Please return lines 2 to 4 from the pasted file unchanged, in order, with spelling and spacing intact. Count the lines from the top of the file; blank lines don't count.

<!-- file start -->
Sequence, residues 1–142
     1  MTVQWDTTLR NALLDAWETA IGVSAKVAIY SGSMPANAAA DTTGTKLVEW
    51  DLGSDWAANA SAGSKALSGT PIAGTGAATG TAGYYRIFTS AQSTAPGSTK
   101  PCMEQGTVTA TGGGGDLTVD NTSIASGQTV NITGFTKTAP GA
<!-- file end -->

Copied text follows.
     1  MTVQWDTTLR NALLDAWETA IGVSAKVAIY SGSMPANAAA DTTGTKLVEW
    51  DLGSDWAANA SAGSKALSGT PIAGTGAATG TAGYYRIFTS AQSTAPGSTK
   101  PCMEQGTVTA TGGGGDLTVD NTSIASGQTV NITGFTKTAP GA